Figure 2. Osteocytic differentiation of the MLO-A5 cell line.

The temporal expression patterns of the osteocyte-marker genes Dmp1 (A), Phex (B), Cd44 (C) and Sost (D) as assessed by qRT-PCR. Results are mean±SEM (n = 3). * P<0.05, ** P<0.01, *** P<0.001 compared to day 0.

Figure 3. Osteocytic differentiation of primary calvarial osteoblasts in vitro.

The temporal expression patterns of the osteocyte marker genes, E11 (A), Dmp1 (B), Phex (C), Sost (D) and Cd44 (E) as assessed by qRT-PCR over 28 days of culture. (F) Mineralization of the primary osteoblast cultures as assessed by Alizarin red staining. Results are mean±SEM (n = 4). * P<0.05, ** P<0.01, *** P<0.001 compared to day 0.

ECM mineralization is required for E11 expression

To further explore the link between E11 expression and ECM mineralization first proposed by Irie et al. [25], we constrained in vitro mineralization by two different approaches; by either adding PPi, the natural mineralization inhibitor, or by omitting βGP, the phosphate donor from the culture medium. Predictably, both approaches resulted in marked ablation of mineralization in the MLO-A5 cell cultures, with a greater than 15-fold (P<0.001) suppression in mineral deposition (Figures 4A and B). Under these PPi-supplemented conditions or in the absence of βGP, we found that E11 protein expression levels in MLO-A5 cells were significantly reduced compared to control cultures. This reduction in E11 protein expression was more marked in the PPi supplemented cultures (Figures 4E and F). E11 mRNA expression levels were also significantly reduced in the absence of mineralization achieved by either of these two approaches (Figure 4D). Intriguingly, however, E11 mRNA expression was observed in MLO-A5 cells even in cultures where mineralization was completely absent; thus, qRT-PCR Ct values of 26–27 were evident despite negligible E11 protein and mineralization. These findings suggest that E11 mRNA is still expressed in the mineralization-inhibited cultures, even though the protein is not (Figures 4E and F), and is consistent with the time course of E11 mRNA and protein expression shown in Figures 1C and E. Measurement of matrix-bound deposition of collagen showed that the inhibition of matrix mineralization induced by either omission of βGP or supplementation with PPi was not associated with any marked impairment of collagen synthesis, which was unaffected under either of these conditions (Figure 4C).

Figure 4. Inhibition of matrix mineralization in the MLO-A5 cell-line.

(A) Alizarin red staining of MLO-A5 cultures in which mineralization was inhibited by the addition of PPi or the omission of βGP and quantified by spectrometry (B). (C) Quantification of the collagenous matrix produced by the MLO-A5 cell after 9 days of culture as demonstrated by Sirius red staining (D) E11 mRNA expression in the mineralization-inhibited MLO-A5 cell cultures. (E) E11 protein expression in mineralization-inhibited and control MLO-A5 cultures as demonstrated by western blotting (F) Densitometric analysis of the protein expression at day 9 in 3 independent E11 western blots. Results are mean±SEM (n = 3). ** P<0.01, *** P<0.001 compared to day 0 (B) or AA & βGP (D and F) cultures.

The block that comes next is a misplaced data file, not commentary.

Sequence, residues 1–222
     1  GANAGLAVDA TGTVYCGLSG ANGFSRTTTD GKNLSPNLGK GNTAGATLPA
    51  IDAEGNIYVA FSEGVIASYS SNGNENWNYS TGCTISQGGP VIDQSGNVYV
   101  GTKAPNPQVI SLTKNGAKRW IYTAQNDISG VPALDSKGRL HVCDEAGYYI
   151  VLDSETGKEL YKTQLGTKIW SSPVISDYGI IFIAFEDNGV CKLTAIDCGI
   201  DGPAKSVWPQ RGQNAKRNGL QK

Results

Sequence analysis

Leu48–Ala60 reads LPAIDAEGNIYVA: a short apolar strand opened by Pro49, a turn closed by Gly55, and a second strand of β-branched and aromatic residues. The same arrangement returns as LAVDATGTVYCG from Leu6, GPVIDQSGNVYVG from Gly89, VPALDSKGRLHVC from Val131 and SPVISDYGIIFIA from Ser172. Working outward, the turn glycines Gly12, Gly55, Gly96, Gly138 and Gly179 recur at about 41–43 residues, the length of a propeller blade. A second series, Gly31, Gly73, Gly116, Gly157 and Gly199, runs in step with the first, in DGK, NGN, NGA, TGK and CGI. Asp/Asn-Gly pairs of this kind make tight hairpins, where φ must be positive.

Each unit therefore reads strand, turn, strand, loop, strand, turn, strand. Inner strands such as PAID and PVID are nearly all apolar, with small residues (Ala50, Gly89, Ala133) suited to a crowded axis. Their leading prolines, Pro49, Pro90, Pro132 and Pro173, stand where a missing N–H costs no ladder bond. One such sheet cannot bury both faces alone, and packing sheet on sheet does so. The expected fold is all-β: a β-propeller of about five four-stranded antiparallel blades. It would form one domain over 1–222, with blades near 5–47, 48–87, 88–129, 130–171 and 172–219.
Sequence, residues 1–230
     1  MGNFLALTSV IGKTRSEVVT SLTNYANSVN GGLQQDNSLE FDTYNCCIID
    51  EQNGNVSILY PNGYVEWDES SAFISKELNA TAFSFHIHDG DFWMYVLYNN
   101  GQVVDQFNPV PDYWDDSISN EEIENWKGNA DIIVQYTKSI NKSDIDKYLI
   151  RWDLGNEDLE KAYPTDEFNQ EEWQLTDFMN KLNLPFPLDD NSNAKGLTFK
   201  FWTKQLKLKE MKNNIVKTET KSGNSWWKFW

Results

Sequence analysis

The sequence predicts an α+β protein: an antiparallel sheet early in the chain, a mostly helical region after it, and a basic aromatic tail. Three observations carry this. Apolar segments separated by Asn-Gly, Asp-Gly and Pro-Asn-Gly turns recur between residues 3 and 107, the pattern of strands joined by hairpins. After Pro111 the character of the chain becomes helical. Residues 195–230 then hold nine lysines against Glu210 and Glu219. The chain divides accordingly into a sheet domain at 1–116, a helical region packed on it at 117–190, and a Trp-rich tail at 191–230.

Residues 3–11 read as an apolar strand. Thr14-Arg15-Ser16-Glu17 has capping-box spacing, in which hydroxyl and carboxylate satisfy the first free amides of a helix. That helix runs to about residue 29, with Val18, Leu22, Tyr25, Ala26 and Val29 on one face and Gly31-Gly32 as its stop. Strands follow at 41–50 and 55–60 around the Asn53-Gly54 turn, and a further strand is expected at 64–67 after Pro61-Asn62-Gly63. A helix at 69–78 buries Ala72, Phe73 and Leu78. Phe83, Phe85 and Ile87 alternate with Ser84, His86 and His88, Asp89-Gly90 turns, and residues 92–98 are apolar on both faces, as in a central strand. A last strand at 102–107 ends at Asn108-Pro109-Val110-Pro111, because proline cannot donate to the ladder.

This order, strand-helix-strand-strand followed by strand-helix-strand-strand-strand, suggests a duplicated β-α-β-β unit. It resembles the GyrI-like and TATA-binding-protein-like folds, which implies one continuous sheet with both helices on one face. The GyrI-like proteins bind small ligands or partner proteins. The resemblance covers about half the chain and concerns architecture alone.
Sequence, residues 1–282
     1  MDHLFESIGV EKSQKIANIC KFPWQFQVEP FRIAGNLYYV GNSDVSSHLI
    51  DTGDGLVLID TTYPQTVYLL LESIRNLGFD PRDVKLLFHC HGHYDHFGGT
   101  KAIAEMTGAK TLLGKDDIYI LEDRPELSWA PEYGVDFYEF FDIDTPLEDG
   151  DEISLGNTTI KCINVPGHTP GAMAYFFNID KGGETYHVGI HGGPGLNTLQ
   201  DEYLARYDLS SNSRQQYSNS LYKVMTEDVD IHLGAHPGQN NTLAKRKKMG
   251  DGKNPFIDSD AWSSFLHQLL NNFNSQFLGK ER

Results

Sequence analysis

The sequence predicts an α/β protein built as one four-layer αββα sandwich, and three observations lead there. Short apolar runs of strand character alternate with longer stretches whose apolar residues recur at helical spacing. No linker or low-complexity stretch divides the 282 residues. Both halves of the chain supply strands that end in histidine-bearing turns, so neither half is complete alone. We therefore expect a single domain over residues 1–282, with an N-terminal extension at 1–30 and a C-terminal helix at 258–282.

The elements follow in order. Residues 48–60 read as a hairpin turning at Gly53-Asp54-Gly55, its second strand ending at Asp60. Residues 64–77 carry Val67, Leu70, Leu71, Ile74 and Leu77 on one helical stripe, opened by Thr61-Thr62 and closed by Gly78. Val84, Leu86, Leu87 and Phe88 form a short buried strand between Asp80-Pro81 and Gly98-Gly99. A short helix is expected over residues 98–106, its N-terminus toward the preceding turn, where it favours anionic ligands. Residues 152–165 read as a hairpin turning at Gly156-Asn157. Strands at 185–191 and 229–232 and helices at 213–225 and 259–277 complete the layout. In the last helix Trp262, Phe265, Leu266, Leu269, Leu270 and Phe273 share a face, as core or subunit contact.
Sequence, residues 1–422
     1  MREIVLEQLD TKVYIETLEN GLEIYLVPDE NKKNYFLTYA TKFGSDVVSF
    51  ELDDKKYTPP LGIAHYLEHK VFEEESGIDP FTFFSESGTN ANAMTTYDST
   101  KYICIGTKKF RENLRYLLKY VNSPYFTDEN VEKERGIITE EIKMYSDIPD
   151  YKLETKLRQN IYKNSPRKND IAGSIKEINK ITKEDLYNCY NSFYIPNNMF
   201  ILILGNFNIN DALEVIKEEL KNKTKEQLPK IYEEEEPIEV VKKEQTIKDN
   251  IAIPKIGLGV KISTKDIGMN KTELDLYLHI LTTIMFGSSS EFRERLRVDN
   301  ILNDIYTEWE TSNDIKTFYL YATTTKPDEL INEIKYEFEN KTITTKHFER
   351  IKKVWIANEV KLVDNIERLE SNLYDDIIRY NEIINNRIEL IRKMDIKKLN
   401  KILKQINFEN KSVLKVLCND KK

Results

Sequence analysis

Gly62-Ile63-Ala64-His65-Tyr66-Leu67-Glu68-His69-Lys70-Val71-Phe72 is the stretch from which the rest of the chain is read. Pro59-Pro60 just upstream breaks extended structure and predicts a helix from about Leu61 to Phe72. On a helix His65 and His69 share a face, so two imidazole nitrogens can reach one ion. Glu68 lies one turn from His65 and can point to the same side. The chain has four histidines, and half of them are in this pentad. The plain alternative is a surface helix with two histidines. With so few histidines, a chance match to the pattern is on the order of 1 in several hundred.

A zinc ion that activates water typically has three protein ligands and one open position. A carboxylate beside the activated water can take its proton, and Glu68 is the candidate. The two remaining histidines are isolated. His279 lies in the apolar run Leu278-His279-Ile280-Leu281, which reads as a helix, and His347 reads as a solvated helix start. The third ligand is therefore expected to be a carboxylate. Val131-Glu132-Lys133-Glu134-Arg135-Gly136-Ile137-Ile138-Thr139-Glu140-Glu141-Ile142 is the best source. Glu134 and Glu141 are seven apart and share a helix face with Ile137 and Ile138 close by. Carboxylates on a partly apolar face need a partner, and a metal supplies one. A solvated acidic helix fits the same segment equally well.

To investigate whether the presence of Pi alone is sufficient to drive E11 expression, MLO-A5 cells were cultured in the presence of AA and βGP (control) or with βGP alone. As expected, the cultures supplemented with βGP alone demonstrated reduced mineral deposition compared to control cultures, although some evidence of dystrophic mineralization was present, even in the absence of ascorbic acid-induced collagen secretion (Figure 5A). Limited E11 protein expression was also observed in the cultures supplemented with only βGP (Figure 5B and 5C) but this was significantly less than the amount of E11 expressed by the cultures supplemented with AA and βGP. This suggests that the deposition of mineral within the ECM is required to fully drive E11 expression and osteocyte differentiation.

Figure 5. Effect of inorganic phosphate supplementation on MLO-A5 cultures.

Matrix mineralization (A) and E11 protein expression (B) after 9 days in control (AA and βGP) MLO-A5 cultures and cultures in which AA was omitted (βGP only). (C) Densitometric analysis of 3 independent E11 western blots. Results are mean±SEM (n = 3). ** P<0.01 compared to AA & βGP cultures.

ECM mineralization is required for osteoblast-to-osteocyte transition

We have shown that the expression levels of several osteocyte marker genes are increased during osteocytic differentiation and matrix mineralization by MLO-A5 cells in vitro (Figure 2). To confirm whether inhibition of mineralization (by adding PPi or omitting βGP) also negatively regulates expression of these genes, as had been shown for E11 mRNA levels, we measured the expression of a panel of osteocyte marker genes (Sost, Phex, Dmp1 and Cd44) by RT-qPCR after 9 days of culture. We found that the levels of all of these genes was decreased in cultures either lacking βGP, or supplemented with PPi, compared to control cultures supplemented with both AA and βGP (Figures 6 A–D). Decreased level of osteocyte marker genes in these MLO-A5 cells suggests that matrix mineralization is required for the transition from a mature osteoblast to an osteocyte-like phenotype. The likelihood that the lack of mineralization is sufficient to block this osteocytogenesis in vitro was confirmed by analyzing osteoblast-marker gene expression, which showed that the levels of osteocalcin (Ocn) and collagen type I alpha (Col1a) mRNA were both elevated in these cultures where mineralization had been inhibited by either exogenous PPi or by omission of βGP (Figures 6E and F).